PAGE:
What's in issue No. 57, dated Oct. 31, 2001?
Several articles in this month's issue of The Journal concern the terrorist attacks, war, military service, pacifism and conscientious objection, especially as seen through the eyes and filtered through the beliefs of Church of God members.
Please note: The Journal posts several of the articles described here, but not all. If an article you read about below is not posted, feel free to subscribe to the print version of The Journal: News of the Churches of God to see all the articles, features and photos in every issue of The Journal.
Jeff Booth, pastor of the Christian Church of God, Amarillo, Texas, delivered a bombshell of a Feast of Tabernacles sermon Oct. 2 in Treasure Island, Fla. Mr. Booth said Church of God members should support the war on terrorism, including militarily. Mr. Booth's sermon is the basis for The Journal's lead article for October.
The next day, 10 miles away, also on the Florida coast, a Feast site made up primarily of members of the Likeminds Internet forum talked about the same subject--after hearing about Mr. Booth's sermon. See the Indian Rocks Beach report in the October Feast reports.
The Journal interviewed Mr. Booth during the Feast to ask follow-up questions on his approach to military service and war. That interview is a sidebar to the lead article about Mr. Booth's sermon.
The Journal interviewed two longtime Church of God members--Ellis Stewart and Ewin Barnett--on the same subject. Mr. Stewart and Mr. Barnett both disagree with Mr. Booth, but they don't entirely agree with each other. See page 1 of the October issue for both interviews.
The Journal's editorial page continues the discussion. Rick Stanczak asks if war is justifiable personal self-defense. Robert Thiel explains the Living Church of God's view on military service and war, which closely follows that of Worldwide Church of God founder Herbert W. Armstrong. James McBride hoped to hear American leaders calling for repentance but was disappointed. Dave Havir asks if God is involved in terrorist attacks, citing three theories of how God could be involved. Ron Dart takes a new, hard look at vengeance. Brian Knowles lists seven ways to deal with evil.
The Oct. 31 issue includes the first reader reports from the Feast of Tabernacles 2001. Many Feast reporters note that sermons and other discussions at the sites touched on the war on terrorism and the aftermath of the events of Sept. 11.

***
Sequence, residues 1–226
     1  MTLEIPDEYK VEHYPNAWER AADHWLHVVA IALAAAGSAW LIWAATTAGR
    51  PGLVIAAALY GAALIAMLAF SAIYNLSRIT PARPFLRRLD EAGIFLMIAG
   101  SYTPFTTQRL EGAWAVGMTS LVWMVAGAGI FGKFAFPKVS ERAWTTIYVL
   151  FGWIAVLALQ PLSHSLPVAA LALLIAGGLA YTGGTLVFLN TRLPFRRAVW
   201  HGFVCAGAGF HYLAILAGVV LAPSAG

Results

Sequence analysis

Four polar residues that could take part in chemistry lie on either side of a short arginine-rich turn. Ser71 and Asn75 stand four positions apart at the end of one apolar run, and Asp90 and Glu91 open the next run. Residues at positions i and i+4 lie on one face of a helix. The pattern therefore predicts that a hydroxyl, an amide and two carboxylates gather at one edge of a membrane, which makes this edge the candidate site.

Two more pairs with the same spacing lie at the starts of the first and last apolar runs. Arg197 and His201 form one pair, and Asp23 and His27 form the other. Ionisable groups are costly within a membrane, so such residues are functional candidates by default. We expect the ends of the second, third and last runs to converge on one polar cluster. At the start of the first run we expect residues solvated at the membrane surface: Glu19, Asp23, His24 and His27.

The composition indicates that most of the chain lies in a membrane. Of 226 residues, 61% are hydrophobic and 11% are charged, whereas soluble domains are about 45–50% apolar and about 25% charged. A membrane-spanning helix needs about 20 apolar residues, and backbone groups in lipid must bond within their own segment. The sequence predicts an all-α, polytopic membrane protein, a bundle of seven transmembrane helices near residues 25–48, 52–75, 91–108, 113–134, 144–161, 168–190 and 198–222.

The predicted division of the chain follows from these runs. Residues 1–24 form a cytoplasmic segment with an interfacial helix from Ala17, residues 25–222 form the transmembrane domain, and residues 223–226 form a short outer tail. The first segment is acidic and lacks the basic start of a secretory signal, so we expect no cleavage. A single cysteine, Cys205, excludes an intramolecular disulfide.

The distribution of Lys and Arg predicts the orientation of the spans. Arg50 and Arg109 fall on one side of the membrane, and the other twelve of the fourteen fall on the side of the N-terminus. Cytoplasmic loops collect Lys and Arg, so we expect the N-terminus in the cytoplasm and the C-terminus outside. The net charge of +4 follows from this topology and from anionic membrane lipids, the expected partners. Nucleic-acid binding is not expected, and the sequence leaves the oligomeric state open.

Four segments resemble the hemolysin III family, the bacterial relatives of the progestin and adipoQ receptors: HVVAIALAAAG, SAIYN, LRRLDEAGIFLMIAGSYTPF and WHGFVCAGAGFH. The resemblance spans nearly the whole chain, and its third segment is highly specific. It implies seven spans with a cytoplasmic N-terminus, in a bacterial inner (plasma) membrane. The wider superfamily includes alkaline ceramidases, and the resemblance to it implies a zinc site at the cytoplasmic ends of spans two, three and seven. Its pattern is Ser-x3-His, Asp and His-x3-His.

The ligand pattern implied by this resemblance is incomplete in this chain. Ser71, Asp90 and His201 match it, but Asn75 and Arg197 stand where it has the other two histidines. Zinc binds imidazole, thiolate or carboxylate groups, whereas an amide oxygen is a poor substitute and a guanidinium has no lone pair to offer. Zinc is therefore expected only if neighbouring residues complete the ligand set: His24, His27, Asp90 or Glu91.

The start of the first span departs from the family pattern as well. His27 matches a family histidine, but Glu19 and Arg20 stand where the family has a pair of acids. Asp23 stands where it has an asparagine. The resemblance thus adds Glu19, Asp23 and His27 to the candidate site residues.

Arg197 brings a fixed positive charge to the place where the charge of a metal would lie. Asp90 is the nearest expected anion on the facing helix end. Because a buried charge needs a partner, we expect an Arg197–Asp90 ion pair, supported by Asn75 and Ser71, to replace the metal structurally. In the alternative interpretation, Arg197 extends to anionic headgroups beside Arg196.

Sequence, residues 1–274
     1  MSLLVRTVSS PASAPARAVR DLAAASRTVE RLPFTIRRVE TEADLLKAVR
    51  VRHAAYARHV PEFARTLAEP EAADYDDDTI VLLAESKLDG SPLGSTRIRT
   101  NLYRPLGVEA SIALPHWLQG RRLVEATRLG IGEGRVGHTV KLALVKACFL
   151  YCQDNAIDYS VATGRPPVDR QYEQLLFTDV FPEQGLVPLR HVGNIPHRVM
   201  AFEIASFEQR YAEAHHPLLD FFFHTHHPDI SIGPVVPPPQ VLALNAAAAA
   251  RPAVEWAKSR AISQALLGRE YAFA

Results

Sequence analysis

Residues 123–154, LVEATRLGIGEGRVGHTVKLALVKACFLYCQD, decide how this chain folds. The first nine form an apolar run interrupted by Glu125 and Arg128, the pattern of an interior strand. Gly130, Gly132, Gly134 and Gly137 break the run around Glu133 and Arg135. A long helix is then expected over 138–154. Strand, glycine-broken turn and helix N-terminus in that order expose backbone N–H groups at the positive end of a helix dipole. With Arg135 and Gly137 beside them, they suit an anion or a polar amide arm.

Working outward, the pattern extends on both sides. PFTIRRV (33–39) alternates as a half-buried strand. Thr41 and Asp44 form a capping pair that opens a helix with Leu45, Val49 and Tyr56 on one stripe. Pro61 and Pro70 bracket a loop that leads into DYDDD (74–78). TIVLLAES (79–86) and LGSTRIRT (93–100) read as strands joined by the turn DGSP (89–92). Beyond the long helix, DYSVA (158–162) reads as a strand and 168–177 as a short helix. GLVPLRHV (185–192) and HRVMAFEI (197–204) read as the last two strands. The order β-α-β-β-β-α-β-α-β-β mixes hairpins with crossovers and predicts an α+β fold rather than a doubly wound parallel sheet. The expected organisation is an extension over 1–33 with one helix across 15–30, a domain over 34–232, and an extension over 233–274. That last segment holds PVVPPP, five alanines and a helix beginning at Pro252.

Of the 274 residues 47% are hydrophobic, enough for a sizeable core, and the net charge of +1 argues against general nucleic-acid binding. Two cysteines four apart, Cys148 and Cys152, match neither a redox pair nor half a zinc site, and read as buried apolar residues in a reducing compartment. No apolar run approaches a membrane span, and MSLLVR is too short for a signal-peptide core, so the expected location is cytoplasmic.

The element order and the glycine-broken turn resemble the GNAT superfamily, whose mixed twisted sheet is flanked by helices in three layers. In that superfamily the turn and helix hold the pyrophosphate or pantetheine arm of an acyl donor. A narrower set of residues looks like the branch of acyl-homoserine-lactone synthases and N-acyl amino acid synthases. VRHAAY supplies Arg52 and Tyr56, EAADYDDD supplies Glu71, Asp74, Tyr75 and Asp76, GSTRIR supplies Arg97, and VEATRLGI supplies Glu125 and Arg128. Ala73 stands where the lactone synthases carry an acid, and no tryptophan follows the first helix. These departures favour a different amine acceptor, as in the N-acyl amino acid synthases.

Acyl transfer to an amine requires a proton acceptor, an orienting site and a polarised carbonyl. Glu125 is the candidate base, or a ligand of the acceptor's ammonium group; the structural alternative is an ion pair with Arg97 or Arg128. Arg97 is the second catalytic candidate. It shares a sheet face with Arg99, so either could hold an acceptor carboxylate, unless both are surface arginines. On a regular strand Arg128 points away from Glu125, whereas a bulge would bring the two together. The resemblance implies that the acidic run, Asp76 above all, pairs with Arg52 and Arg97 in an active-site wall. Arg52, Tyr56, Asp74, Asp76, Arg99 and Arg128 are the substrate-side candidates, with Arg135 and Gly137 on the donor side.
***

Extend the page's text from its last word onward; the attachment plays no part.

In other Feast news, the organizer of a site in Clearwater, Fla., informed The Journal shortly before the Feast he was not welcome to attend Feast services. Robert Roenspies of Elgin, Ill., founder of the Church Outreach Project (COP), sent word to The Journal's publisher that he was not to show up at the COP's Feast observance. To find out why, see the print version of The Journal.
Letters to the editor in the Oct. 31 issue include reaction from a congregation in Tupelo, Miss., to an article in the Aug. 31 issue about the congregation's pastor's resignation. It also includes comments about R.C. Dick's "place of safety" essay in the Sept. 30. Because of several reader requests, The Journal here posts Mr. Dick's September essay in its entirety.
Gary Arvidson is still looking for David's tomb and responds to a reader's objections that finding it would desecrate it.
This issue of The Journal includes two pages almost full of pictures from Feast sites. See the print version of The Journal for photos from Florida, Oklahoma and Germany. The Journal plans to continue its Feast coverage, including photos, in November. See also The Journal's guidelines for Feast reports.
A suspicious envelope in the mail closes The Journal's printer in Gladewater, Texas, for a few hours in October.
Stuck in Lodi again? Read two books while you wait.
The BSA makes its new comprehensive Sabbath-keepers' directory of 400 groups and 1,600 congregations available.
"Notes and Quotes" reports the UCG's search for a new president and a memorial service for the sister of a WCG pastor who died in the Sept. 11 terrorist attacks.
In Connections, Darlene mulls matters of military service and conscience.
Connections runs classified ads (including prayer requests).
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